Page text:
That’s where effective FP&A needs to do more than just report the figures. It needs to fuel better business planning. “Having that granular view of the total cost to build the product, updated on a regular basis, will allow for good decisions — not just in the short run, for forecasting the current year, but in the long run, tying back to capacity planning, resource planning, facility planning and asset utilization,” Hennessey said.
Guide your long-term planning
Manufacturers need in-year agility, but they also need effective long-term planning. That requires insight into a range of factors.
“When you're thinking about plant expansions, or reshoring jobs that have been moved overseas, you need to understand the business case,” Hennessey said. “What's the supply? What's the demand? What's the go-to-market strategy?”
Accurate FP&A is crucial to support proactive planning for these substantial, long-term issues that demand more than a reactive approach.
“Given the heavy fixed cost often associated with a manufacturing plant, it's hard to quickly pivot,” Hennessey said. “We need to understand more than just current supply and demand, more than just the production or procurement of goods and then the output to our customers. We also need to understand what that looks like from a factory footprint. Does that change, as our customers’ needs change over time? What does that do to our current footprint? Does that change the mix within a particular plant? Does it mean you have to shift among plants?”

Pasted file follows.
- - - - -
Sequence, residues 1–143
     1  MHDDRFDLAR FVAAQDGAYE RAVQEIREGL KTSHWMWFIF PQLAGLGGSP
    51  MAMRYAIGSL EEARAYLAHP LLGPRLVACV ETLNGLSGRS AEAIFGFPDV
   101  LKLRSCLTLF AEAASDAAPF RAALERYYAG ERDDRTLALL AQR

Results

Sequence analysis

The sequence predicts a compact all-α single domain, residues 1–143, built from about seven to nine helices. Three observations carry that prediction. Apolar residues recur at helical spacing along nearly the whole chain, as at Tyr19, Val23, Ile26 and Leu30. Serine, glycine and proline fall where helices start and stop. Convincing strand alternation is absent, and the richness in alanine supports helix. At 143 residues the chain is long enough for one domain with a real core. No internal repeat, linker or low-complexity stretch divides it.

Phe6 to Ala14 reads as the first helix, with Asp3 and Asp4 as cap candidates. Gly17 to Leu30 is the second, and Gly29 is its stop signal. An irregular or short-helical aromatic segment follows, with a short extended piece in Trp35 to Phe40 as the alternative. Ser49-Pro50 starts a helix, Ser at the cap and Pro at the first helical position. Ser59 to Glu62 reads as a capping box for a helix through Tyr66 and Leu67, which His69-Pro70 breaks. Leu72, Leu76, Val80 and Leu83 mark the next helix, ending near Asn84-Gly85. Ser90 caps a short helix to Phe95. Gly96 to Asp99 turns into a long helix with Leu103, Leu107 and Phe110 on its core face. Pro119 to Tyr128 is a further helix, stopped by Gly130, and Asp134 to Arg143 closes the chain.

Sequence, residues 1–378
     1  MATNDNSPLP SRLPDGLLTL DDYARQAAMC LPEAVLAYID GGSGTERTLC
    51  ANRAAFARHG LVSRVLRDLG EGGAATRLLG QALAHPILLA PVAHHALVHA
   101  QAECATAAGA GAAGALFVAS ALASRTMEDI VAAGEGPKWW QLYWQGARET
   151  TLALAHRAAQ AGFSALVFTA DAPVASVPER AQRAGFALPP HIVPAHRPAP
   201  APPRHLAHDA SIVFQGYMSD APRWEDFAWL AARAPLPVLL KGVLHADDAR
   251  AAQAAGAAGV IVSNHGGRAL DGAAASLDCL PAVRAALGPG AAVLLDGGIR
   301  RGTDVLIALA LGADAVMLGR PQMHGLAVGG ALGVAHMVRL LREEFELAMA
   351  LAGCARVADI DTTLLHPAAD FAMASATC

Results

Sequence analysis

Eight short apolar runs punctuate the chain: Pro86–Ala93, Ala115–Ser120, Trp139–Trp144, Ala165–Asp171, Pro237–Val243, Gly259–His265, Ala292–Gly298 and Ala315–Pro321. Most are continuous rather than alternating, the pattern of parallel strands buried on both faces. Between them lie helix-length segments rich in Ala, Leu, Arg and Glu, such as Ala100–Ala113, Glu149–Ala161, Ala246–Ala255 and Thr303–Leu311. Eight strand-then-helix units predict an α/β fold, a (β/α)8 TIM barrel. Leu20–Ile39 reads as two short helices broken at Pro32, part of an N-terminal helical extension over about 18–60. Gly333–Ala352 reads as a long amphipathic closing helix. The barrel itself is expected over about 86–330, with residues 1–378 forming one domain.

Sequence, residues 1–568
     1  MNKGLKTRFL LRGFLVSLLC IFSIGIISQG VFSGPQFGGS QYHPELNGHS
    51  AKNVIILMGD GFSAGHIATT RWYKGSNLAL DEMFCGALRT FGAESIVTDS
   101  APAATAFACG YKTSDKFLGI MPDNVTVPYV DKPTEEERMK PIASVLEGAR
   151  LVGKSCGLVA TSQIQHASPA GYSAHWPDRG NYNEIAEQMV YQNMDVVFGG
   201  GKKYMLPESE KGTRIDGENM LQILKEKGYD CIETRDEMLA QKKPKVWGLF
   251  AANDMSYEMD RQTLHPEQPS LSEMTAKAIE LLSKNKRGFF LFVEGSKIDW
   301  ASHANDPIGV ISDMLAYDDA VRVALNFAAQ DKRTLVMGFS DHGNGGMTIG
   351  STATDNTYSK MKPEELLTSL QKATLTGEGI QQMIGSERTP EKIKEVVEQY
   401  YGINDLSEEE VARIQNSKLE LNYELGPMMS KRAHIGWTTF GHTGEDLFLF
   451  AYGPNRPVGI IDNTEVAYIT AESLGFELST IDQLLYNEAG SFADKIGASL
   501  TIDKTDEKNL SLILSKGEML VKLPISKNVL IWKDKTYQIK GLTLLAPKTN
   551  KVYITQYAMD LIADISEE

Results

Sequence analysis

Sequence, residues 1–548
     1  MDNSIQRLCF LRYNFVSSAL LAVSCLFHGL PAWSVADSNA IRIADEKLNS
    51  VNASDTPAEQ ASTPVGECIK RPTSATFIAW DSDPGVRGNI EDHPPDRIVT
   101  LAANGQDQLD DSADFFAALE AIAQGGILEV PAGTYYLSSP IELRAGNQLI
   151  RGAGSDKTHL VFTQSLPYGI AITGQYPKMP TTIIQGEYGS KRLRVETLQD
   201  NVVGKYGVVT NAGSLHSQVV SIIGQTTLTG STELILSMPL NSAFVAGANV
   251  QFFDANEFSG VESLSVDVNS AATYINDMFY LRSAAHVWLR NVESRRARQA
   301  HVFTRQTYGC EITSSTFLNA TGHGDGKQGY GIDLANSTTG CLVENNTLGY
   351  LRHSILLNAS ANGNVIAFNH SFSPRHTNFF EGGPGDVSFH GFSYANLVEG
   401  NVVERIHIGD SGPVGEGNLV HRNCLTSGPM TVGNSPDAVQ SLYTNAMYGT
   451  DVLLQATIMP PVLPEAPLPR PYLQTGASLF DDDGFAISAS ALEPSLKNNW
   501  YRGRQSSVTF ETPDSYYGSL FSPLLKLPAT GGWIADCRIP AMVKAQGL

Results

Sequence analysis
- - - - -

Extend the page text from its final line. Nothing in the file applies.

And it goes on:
These questions tie into decisions about building, buying or outsourcing. “Look at all of those factors to make sure that you’re adequately structured. On the manufacturing side, you need to be optimizing your footprint, and making sure your flow-through happens in the most opportune and lowest-risk way.”
Utilization is optimization
Evaluating and revising your optimization is a complicated exercise, but it starts with analyzing your assets.
“It boils down to asset utilization,” Hennessey said. If utilization is declining in one area, how are you going to do to redeploy those assets? If utilization is growing in another area, what is the right time to reinvest and help accelerate that growth? “What we don't want to do is be the anchor to growth because of limited capacity, but we don't want to be the anchor to profitability if those fixed costs stay flat in a declining environment,” Hennessey said.